JoVE   
You do not have subscription access to articles in this section. Learn more about access.

  JoVE Biology

  
You do not have subscription access to articles in this section. Learn more about access.

  JoVE Neuroscience

  
You do not have subscription access to articles in this section. Learn more about access.

  JoVE Immunology and Infection

  
You do not have subscription access to articles in this section. Learn more about access.

  JoVE Clinical and Translational Medicine

  
You do not have subscription access to articles in this section. Learn more about access.

  JoVE Bioengineering

  
You do not have subscription access to articles in this section. Learn more about access.

  JoVE Applied Physics

  
You do not have subscription access to articles in this section. Learn more about access.

  JoVE Chemistry

  
You do not have subscription access to articles in this section. Learn more about access.

  JoVE Behavior

  
You do not have subscription access to articles in this section. Learn more about access.

  JoVE Environment

|   

JoVE Science Education

General Laboratory Techniques

You do not have subscription access to videos in this collection. Learn more about access.

Basic Methods in Cellular and Molecular Biology

You do not have subscription access to videos in this collection. Learn more about access.

Model Organisms I

You do not have subscription access to videos in this collection. Learn more about access.

Model Organisms II

You do not have subscription access to videos in this collection. Learn more about access.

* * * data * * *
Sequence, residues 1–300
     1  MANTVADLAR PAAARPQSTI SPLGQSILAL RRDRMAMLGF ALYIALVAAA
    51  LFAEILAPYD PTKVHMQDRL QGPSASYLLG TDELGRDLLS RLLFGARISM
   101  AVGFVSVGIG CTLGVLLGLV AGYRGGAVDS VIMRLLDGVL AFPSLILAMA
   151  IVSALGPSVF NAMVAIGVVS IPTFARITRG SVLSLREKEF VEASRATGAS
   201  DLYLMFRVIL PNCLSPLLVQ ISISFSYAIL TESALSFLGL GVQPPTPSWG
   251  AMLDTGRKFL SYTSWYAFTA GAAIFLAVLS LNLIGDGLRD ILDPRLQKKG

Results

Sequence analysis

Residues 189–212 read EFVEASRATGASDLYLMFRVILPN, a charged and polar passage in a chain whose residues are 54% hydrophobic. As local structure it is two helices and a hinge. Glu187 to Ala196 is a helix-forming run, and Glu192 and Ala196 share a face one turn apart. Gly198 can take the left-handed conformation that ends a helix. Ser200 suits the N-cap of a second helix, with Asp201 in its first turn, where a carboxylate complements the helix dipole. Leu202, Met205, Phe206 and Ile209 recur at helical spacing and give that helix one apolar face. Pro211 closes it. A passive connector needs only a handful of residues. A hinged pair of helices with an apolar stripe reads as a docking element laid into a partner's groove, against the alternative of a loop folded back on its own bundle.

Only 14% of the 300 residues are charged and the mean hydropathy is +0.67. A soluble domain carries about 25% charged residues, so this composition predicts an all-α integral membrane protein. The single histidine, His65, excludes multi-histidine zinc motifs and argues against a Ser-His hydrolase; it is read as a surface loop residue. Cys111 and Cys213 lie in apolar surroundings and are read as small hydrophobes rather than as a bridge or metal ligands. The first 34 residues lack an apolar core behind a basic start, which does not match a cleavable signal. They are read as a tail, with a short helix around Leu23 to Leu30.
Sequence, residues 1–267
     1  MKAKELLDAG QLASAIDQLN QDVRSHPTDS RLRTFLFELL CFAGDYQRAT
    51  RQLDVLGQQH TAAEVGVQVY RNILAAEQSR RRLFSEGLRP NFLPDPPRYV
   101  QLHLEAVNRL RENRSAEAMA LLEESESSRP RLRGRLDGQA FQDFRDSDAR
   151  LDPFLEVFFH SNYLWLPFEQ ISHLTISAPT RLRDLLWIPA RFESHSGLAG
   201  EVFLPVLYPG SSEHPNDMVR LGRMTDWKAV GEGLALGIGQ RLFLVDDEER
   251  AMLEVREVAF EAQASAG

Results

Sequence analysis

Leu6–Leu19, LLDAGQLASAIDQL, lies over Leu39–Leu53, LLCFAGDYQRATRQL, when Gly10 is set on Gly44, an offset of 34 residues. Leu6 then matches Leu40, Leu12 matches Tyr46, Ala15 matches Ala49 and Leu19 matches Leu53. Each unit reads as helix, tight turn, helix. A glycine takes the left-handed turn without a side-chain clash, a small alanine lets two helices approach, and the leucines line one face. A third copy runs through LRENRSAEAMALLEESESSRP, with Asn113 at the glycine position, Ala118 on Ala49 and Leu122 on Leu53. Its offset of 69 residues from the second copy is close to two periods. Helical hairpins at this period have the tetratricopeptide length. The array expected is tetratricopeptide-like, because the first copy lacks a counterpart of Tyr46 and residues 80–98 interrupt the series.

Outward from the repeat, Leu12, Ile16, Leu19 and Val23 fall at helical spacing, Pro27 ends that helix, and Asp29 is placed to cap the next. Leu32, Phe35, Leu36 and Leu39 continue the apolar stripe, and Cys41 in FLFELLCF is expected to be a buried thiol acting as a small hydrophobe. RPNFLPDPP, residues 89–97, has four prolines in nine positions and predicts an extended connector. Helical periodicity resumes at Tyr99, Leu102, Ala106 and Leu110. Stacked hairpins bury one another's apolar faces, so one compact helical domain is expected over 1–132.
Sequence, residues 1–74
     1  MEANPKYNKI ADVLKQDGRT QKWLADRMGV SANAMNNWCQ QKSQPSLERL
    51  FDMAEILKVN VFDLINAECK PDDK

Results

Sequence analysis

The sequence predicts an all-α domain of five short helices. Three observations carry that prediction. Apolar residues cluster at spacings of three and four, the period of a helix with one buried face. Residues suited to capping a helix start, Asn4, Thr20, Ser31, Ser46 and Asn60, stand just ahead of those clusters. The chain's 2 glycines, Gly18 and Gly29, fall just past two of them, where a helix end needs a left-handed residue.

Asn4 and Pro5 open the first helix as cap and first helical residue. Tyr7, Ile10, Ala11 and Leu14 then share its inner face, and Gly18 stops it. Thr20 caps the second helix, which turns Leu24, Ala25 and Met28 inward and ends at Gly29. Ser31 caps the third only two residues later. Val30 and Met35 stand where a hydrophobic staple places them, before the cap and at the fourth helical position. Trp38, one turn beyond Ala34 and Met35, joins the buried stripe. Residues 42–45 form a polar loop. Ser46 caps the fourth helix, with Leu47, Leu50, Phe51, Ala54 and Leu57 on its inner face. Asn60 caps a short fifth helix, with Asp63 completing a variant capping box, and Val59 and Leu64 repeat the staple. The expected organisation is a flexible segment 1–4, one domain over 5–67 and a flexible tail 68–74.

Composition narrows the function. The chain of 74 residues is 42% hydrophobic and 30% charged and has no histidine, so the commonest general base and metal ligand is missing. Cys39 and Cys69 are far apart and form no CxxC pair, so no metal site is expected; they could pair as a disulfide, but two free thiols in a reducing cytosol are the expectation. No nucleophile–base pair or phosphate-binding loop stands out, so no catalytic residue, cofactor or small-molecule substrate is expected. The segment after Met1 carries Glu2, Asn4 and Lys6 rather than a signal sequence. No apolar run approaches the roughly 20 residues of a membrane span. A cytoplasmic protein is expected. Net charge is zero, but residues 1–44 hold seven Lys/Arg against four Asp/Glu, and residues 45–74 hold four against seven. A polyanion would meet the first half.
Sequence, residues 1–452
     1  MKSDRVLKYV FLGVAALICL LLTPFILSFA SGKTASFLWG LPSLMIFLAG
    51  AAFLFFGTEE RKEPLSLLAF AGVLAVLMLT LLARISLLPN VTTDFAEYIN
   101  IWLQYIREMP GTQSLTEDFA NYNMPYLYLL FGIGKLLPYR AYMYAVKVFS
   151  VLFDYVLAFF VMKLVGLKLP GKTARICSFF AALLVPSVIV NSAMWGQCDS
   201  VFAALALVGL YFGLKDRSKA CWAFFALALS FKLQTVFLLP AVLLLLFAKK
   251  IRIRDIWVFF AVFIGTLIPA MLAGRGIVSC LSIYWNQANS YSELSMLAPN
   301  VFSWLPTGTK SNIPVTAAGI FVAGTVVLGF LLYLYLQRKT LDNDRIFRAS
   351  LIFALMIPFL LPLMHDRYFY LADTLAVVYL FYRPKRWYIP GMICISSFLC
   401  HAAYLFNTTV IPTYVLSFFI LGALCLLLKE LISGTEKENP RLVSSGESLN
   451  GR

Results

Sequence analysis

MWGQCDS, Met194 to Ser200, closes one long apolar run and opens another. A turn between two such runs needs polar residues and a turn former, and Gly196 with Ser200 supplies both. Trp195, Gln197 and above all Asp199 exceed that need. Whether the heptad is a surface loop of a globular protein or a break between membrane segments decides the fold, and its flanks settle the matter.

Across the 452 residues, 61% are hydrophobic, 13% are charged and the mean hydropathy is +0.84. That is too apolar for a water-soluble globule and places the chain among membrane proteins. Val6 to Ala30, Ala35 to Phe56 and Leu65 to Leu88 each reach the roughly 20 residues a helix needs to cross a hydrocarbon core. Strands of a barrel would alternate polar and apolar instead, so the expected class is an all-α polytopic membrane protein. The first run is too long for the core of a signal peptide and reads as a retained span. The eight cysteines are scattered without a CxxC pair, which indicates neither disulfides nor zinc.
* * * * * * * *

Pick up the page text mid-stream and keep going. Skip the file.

Essentials of
Neuroscience

You do not have subscription access to videos in this collection. Learn more about access.

 JoVE Biology

Titration of Human Coronaviruses Using an Immunoperoxidase Assay

1, 1, 1, 1

1Laboratory of Neuroimmunovirology, INRS-Institut Armand-Frappier

Article
    Downloads Comments Metrics
     

    Summary

    In this video, we demonstrate an alternative method for detection and titering of viruses using an enzymatic antigen detection technique known as an immunoperoxidase assay. Here, we will show you how to collect your viral samples, prepare the cells for testing, and finally the immunoperoxidase assay using serial dilutions to determine the viral titer.

    Date Published: 4/28/2008, Issue 14; doi: 10.3791/751

    Cite this Article

    Lambert, F., Jacomy, H., Marceau, G., J. Talbot, P. Titration of Human Coronaviruses Using an Immunoperoxidase Assay. J. Vis. Exp. (14), e751, doi:10.3791/751 (2008).

    Abstract

    Determination of infectious viral titers is a basic and essential experimental approach for virologists. Classical plaque assays cannot be used for viruses that do not cause significant cytopathic effects, which is the case for prototype strains 229E and OC43 of human coronavirus (HCoV). Therefore, an alternative indirect immunoperoxidase assay (IPA) was developed for the detection and titration of these viruses and is described herein. Susceptible cells are inoculated with serial logarithmic dilutions of virus-containing samples in a 96-well plate format. After viral growth, viral detection by IPA yields the infectious virus titer, expressed as 'Tissue Culture Infectious Dose 50 percent' (TCID50). This represents the dilution of a virus-containing sample at which half of a series of laboratory wells contain infectious replicating virus. This technique provides a reliable method for the titration of HCoV-229E and HCoV-OC43 in biological samples such as cells, tissues and fluids. This article is based on work first reported in Methods in Molecular Biology (2008) volume 454, pages 93-102.